There should be no doubt we live in a ‘web of life‘, where the entire planet is inter-related.
While a person may not feel immediately affected by certain disruption to tje earth’s living eco-system, down the road, and we are well down the road, larger and larger segments of humans and their abilities to survive on this planet will be severly challenged.
A bewildering swirl of tiny creatures dominates life in the oceans.
More numerous than the stars in the universe, these organisms serve as the foundation of all marine food webs, recycling major elements and producing and consuming about half the organic matter generated on Earth each year (1).
In this issue, five research articles from the Tara Oceans expedition (2–6) provide a vivid, potentially transformative view of the genetic diversity and interconnectivity of these unseen marine communities of viruses, bacteria, archaea, single-celled eukaryotes, and small planktonic animals (see the figure).
On 8 June, the United Nations Educational, Scientific and Cultural Organization (UNESCO) celebrates World Oceans Day, a fitting occasion to remind ourselves of the essential role of the oceans in making Earth a habitable planet.
We have had an official day of celebration for the oceans only since December 2008. In contrast, Earth Day has been celebrated every year since 1970. Conceived by U.S. Senator Gaylord Nelson in the aftermath of the 1969 Santa Barbara oil spill, Earth Day became a focus for the growing environmental movement (it became an international event in 1990) and the catalyst that led to the Clean Air, Clean Water, and Endangered Species Acts in the United States.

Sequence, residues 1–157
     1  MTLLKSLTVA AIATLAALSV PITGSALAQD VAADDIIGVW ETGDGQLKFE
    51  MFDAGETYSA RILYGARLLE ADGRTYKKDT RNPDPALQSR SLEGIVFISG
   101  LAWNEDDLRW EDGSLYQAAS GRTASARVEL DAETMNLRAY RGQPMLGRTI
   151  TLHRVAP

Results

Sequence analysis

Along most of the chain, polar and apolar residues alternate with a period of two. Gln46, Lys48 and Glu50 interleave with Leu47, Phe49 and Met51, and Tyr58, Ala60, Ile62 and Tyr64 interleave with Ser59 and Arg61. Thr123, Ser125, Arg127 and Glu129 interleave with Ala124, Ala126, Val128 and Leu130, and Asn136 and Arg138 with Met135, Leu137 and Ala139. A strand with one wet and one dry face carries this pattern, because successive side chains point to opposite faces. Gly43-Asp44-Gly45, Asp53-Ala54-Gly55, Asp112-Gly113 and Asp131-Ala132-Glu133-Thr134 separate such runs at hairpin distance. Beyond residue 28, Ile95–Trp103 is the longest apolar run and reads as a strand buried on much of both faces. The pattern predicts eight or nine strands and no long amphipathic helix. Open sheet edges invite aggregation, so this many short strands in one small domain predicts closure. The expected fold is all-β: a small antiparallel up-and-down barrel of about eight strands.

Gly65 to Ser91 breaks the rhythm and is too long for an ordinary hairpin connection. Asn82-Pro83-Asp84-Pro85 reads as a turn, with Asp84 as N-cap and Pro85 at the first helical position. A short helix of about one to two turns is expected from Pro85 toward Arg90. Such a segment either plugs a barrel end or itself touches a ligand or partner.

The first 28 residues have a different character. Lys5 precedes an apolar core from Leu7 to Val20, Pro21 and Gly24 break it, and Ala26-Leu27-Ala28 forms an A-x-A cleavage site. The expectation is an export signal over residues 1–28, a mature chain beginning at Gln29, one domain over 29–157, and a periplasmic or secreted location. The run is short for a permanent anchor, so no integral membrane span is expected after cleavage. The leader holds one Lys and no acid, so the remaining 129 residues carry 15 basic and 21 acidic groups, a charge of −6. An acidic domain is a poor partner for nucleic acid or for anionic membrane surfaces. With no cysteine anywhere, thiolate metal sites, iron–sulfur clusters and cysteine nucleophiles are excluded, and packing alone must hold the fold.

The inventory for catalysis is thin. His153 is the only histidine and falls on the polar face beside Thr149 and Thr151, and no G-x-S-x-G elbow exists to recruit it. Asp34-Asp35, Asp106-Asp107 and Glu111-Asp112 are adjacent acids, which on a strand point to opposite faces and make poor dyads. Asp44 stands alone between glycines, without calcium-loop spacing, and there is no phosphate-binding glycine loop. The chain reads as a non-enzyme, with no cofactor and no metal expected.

Imagine what might be accomplished if World Oceans Day could similarly inspire actions for improving the state of the oceans worldwide. Author: Marcia McNutt
Together, these studies deliver compelling evidence for extensive networks of previously hidden biological interactions in the sea. Authors: E. Virginia Armbrust, Stephen R. Palumbi
Like the human body, our planet is a living organism, and like the organs in the body, all of our planet’s species are interconnected.
They form the web of life. And, just like the human body can survive with just one kidney or one eye, our planet and the web of life can survive without a few species here and there.
But, like with the loss of organs in the body, there’s eventually a point at which the biological systems of planet Earth that support human life will just stop functioning if it loses too many species and thus too badly frays the web of life.
And that point could be coming a lot sooner than most people thought.
Would You like to learn more about the web of life